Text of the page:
BLACK HISTORY IN CANADA
For the past 400 years, Black Canadians have faced – and continue to face – prejudice, inequalities, and systemic barriers to full and equal participation in society, dating back to the enslavement of African people in Canada. In many parts of the Commonwealth, the first day of August commemorates the abolishment of Slavery by the British Empire in 1834, this day is also known as "Emancipation Day". Since then, our society has made strides to combat issues that Black Canadians face but more is needed to create an equitable country for all.
On January 30, 2018, Prime Minister Justin Trudeau announced Canada’s recognition of the International Decade for People of African Descent, acknowledging that people of African descent represent a distinct group whose human rights must be promoted and protected. That day, Prime Minister Trudeau pointed to centuries of inherent oppression, systemic racism, and discrimination in this country, disproportionately felt by Black Canadians.
While recognizing the historical scourge of anti-black racism in this country, the Trudeau Government also acknowledged that there is “clearly a lot of work that still needs to be done”. On behalf of Canada Prime Minister Trudeau committed to “a better future for Black Canadians, a future where they experience full and equal participation in society across political, social, and economic life.” To date, these words remain hallow and unfulfilled for many Black Public Service employees whose lives like so many others before, continue to be destroyed by institutional systemic racism and discrimination.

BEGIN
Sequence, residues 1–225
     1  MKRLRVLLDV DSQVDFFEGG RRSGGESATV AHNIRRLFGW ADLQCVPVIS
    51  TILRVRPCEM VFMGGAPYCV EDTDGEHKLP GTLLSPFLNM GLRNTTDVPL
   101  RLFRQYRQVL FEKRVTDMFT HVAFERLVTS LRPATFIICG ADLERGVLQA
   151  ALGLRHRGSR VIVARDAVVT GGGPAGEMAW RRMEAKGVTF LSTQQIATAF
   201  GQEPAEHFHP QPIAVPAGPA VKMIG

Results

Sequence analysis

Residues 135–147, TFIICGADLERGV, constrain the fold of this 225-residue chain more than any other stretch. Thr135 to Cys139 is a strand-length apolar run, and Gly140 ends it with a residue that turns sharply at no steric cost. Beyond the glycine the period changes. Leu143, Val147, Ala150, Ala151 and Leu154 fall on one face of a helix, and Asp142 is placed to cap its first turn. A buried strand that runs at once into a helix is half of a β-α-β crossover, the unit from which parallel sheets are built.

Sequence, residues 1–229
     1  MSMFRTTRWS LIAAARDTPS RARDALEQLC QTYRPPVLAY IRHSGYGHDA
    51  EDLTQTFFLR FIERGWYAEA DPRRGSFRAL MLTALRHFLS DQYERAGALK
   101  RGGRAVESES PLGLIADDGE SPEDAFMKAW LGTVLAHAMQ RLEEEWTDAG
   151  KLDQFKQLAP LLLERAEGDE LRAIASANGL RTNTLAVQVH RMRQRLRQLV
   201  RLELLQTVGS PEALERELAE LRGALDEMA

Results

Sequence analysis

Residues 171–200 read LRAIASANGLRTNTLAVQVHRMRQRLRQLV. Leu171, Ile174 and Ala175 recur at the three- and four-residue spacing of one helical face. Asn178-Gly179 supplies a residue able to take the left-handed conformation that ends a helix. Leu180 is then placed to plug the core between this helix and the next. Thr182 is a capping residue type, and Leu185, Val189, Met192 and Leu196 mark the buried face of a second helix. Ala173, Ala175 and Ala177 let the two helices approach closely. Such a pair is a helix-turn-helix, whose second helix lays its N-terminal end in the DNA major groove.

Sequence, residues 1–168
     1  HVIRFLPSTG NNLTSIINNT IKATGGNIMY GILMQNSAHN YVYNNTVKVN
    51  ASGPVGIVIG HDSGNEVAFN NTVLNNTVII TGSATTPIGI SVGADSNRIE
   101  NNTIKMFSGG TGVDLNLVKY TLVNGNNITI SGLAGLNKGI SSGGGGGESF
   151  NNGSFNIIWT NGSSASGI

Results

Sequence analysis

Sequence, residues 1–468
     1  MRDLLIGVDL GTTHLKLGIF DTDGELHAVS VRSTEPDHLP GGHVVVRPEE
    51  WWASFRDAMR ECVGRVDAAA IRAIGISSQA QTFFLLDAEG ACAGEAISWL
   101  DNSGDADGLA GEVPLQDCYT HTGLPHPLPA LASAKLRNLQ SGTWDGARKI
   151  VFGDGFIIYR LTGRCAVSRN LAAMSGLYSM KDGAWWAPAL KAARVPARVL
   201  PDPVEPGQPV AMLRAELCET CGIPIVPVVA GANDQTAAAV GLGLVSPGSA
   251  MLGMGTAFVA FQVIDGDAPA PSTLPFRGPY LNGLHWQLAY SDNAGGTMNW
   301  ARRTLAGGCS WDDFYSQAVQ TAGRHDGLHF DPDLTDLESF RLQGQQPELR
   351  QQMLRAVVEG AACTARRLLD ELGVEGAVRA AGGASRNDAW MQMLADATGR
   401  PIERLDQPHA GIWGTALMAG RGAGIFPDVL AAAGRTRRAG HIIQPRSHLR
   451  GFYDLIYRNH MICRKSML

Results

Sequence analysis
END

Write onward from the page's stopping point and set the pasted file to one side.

Canada’s Public Service represents itself as a “merit-based, inclusive and non-partisan organization that serves all Canadians”. While laudable as a principle, Black Canadians face a different reality. For Black Public Service Employees, the Federal Government has consistently failed to comply with international obligations and the basic principles of Equality guaranteed by the Canadian Charter of Rights.